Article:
February 29th, 2012Newsbnewlook 0 Comments

Mail carriers have a saying about neither snow nor rain nor heat deterring them from doing their job. Landscapers would like a similar credo. But alas, they’re at the mercy of the elements as they work their outdoor magic.

Snow? Forget it; this is strictly a seasonal business. Rain? Never get too comfortable with a schedule. Heat? If it’s not raining, be prepared to sweat.

And that doesn’t even take the breeze into account.

“It never fails,” muses Leslie Pryor, owner of New Look Landscaping, during a recent job at Canton Township home. “When you start to put the mulch down, the wind kicks up.”

Sure enough, as members of her crew cut pieces of landscape fabric on which to lay light-brown mulch, a few strong gusts started treating them like sails. But being a resilient bunch, they got everything into place in short order.

All in a day’s work for the half-dozen New Lookers – including Leslie, who works just as hard as the guys, no matter how hot it might get on a summer job.

“You start out early in the morning, you get used to it, and it doesn’t beat you up as much,” said crew member Steve Artascos. “But you have to be in shape.”

That aspect of landscaping became more evident as the day progressed at the Canton home of Chuck and Alice Ranegar, where New Look’s job was to decorate the area around a new garage the Ranegars built last year.

The job started long before the crew arrived that morning.

“The first step is always going and seeing what their ideas are,” said Aaron Tomey, who has worked with Pryor for several years. “You have to get a feel for what they want before you ask them what they want to spend.”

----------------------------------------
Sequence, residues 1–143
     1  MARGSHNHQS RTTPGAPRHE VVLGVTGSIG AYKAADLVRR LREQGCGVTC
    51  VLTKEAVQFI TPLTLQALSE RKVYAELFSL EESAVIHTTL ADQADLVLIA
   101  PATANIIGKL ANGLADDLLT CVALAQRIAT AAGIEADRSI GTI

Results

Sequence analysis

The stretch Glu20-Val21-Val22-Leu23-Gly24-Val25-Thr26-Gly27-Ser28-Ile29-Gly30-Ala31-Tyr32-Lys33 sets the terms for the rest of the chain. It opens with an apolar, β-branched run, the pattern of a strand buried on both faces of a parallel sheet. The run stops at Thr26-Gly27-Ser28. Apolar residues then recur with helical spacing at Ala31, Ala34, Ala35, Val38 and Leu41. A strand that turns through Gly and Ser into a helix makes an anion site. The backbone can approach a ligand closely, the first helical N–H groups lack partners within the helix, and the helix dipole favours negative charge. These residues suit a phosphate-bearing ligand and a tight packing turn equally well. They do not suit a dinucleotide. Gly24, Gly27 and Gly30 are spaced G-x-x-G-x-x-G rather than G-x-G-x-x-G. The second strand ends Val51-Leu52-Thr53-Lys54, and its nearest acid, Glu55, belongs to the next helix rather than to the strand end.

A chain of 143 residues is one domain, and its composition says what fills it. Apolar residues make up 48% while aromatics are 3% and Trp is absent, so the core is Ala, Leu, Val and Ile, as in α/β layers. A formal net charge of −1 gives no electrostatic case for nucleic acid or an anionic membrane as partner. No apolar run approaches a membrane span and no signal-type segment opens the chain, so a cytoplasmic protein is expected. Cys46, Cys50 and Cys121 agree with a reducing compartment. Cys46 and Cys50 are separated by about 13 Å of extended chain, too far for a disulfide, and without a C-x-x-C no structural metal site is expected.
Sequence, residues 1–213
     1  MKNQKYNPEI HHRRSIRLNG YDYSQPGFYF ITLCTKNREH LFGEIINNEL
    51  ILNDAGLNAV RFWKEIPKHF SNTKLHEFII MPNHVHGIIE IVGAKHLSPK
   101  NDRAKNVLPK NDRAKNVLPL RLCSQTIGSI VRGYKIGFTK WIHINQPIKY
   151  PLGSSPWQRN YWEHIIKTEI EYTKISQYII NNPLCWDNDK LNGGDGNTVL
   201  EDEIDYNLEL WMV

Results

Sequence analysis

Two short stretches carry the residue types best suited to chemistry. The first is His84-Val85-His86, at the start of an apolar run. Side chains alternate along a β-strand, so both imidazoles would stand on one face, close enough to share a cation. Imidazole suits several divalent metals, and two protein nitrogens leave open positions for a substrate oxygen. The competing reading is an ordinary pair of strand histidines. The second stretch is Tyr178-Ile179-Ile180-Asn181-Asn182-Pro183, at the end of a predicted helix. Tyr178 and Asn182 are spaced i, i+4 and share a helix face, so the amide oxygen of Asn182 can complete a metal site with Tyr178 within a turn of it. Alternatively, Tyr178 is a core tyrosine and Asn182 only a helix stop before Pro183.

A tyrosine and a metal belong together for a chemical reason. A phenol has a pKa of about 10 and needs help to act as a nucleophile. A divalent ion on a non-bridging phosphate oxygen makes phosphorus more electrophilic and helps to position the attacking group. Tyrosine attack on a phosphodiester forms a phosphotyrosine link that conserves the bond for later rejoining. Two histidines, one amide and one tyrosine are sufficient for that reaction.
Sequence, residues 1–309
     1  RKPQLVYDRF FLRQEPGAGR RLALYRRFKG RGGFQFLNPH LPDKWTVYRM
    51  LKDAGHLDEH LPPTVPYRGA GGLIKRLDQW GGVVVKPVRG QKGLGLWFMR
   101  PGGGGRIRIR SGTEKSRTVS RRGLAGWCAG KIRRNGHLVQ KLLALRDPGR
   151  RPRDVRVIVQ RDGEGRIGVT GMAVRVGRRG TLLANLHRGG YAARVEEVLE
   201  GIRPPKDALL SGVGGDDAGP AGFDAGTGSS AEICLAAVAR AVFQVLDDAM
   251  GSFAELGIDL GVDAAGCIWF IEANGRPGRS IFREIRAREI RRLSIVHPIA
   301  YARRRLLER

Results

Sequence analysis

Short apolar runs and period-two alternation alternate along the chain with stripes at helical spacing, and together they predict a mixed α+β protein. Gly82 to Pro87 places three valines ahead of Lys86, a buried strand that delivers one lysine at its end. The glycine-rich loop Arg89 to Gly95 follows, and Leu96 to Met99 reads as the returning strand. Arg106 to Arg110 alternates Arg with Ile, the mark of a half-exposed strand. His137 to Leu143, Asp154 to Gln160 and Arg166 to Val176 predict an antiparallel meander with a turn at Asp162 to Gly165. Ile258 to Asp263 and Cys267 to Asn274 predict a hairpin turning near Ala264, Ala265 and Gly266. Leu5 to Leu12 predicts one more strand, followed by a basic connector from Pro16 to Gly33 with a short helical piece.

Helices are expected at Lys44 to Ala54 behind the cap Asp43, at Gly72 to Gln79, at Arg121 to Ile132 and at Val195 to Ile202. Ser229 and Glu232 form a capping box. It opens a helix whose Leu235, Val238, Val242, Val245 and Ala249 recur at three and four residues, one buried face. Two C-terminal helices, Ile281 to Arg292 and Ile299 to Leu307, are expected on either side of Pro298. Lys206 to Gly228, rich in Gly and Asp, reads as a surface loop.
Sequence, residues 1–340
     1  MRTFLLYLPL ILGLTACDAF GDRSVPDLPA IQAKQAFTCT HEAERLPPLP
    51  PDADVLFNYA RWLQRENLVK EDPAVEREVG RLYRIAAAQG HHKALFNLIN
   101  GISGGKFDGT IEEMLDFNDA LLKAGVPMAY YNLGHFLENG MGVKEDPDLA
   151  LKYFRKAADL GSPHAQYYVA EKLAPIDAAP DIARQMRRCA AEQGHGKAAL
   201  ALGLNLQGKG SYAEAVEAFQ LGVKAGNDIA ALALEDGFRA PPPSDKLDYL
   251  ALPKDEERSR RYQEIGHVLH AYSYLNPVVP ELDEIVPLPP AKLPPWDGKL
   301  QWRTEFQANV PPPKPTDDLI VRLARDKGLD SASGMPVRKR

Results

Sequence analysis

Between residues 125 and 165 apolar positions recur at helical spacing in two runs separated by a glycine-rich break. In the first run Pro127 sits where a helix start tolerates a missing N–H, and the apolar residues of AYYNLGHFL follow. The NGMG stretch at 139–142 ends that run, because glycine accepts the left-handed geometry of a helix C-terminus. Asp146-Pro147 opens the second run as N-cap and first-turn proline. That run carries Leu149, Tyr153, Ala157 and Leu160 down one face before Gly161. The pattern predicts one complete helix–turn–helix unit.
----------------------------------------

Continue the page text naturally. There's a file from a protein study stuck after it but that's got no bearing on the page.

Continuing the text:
“There’s a million questions you have to ask. Do they want plants that attract birds and butterflies? Do they have a lot of deer in their yards?” he explained. “You know what they all say? Low maintenance! Nothing’s low maintenance.”

For the Ranegar yard, they selected some plants that might come close to qualifying, such as Shasta daisy, Gold mound spirea, Pandora’s Box daylily, boxwood and paprika yarrow, along with the Japanese maple. All those fit into the scheme requested by Alice Ranegar.

“I told her I wanted little flowering trees,: she said. “I wanted to choose the colors. I wanted red, black and white, and I wanted the pink, flowering plants in the trees.”

During the project, she and her husband kept and enthusiastic watch on the proceedings, expressing surprise and delight about how quickly the crew worked, among other observations.

“You talk about professional,” Alice said. “They put down cardboard so they don’t make marks on your driveway. They really care about your property.”

Pryor would have it no other way.

“My motto to the guys is: When we leave, it should look like we were never there, besides the new beds and everything,” she said.

She considers such touches integral to a business that most often depends on customer satisfaction and resulting referrals for survival.

“Once people see your work and that the crew’s so good, it makes a difference.”

As for the crew members, they consider a job well done as a point of pride.

“What keeps our mind on the job is really the enhancement we’re doing,” Artascos said. “You can’t say, I’m going to bail out on the job because it’s hot. We find something about the job that’s rewarding.

The visual image certainly helps, as a project takes shape from some often rather nebulous ideas to a thing of beauty. Along the way, of course is plenty of improvisation, as no two jobs are exactly alike.

But with experience, landscapers are able to think quickly to come up with features their clients can enjoy.

For example, Pryor suggested a series of decorative boulders – a popular landscaping touch nowadays because of its cost-efficiency – to offset the new plants around the perimeter of the Ranegars’ garage.

Enter Tomey, the crew’s “rock star” (who also happens to play the guitar). Displaying a nimble creative touch, he helped the crew place stones small and large in configurations that impressed everyone, most importantly the Ranegars.

“That’s the touch of artwork,” Artascos said. “It actually is a talent. If you don’t have ht skills, you don’t get it to look right.”

Having achieved the right look – or the New Look, if you will – crew members could look back on their day with some perspective.

“The world of landscaping takes a lot of work,” said Artascos.

“You need a combination of strong arms and a strong sense of design.”

“And a little cooperation from the weather doesn’t hurt either.

OBSERVER-REPORTER – Sunday, August 3, 2003

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